Development andvalidation of a canine castration model and rubric

Julie A. Hunt, Matthew Heydenburg, Christopher K. Kelly, Stacy L. Anderson, John J. Dascanio

Research output: Contribution to journalReview articlepeer-review

23 Scopus citations


Veterinary educators use models to allow repetitive practice of surgical skills leading to clinical competence. Canine castration is a commonly performed procedure that is considered a Day One competency for a veterinarian. In this study, we sought to create and evaluate a canine pre-scrotal closed castration model and grading rubric using a validation framework of content evidence, internal structure evidence, and relationship with other variables. Veterinarians (n = 8) and students (n = 32) were recorded while they performed a castration on the model and provided survey feedback.A subset of the students (n = 7) then performed a live canine castration, and their scores were compared with their model scores. One hundred percent of the veterinarians and 91% of the students reported that the model was helpful in training for canine castration.They highlighted several areas for continued improvement. Veterinarians' model performance scores were significantly higher than students', indicating that the model had adequate features to differentiate expert from novice performance. Students' performance on the model strongly correlated with their performance of live castration (r = .82). Surgical time was also strongly correlated (r = .70).The internal consistency of model and live rubric scores were good at .85 and .94, respectively. The framework supported validation of the model and rubric.The canine castration model facilitated cost-efficient practice in a safe environment in which students received instructor feedback and learned through experience without the risk of negatively affecting a patient's well-being.The strong correlation between model and live animal performance scores suggests that the model could be useful for mastery learning.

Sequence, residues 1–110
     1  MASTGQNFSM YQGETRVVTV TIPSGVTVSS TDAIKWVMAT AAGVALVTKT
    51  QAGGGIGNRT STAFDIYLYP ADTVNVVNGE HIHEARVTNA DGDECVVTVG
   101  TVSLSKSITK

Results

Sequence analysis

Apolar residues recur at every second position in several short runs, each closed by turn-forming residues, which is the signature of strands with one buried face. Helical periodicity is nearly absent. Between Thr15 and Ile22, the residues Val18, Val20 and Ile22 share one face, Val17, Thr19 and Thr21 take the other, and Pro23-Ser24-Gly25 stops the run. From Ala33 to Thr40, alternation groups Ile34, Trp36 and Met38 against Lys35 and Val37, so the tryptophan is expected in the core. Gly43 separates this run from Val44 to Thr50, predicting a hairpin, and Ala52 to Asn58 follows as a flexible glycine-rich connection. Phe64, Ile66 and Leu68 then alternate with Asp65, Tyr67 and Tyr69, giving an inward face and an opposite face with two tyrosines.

Original languageEnglish
Pages (from-to)78-90
Number of pages13
JournalJournal of Veterinary Medical Education
Issue number1
StatePublished - 2020


  • Assessment
  • Canine castration
  • Clinical skills training
  • Model
  • Surgical skills
  • Validation
  • Veterinary education
  • Veterinary simulation
  • Veterinary students


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